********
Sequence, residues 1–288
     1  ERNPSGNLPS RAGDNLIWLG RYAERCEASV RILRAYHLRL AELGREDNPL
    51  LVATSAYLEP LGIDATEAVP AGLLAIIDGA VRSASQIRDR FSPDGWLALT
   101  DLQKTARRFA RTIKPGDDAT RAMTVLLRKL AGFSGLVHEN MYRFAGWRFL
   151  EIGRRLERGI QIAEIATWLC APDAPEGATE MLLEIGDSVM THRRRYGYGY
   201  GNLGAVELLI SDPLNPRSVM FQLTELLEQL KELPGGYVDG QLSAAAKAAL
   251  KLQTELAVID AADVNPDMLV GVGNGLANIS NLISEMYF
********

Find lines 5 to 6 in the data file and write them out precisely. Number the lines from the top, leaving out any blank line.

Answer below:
   151  EIGRRLERGI QIAEIATWLC APDAPEGATE MLLEIGDSVM THRRRYGYGY
   201  GNLGAVELLI SDPLNPRSVM FQLTELLEQL KELPGGYVDG QLSAAAKAAL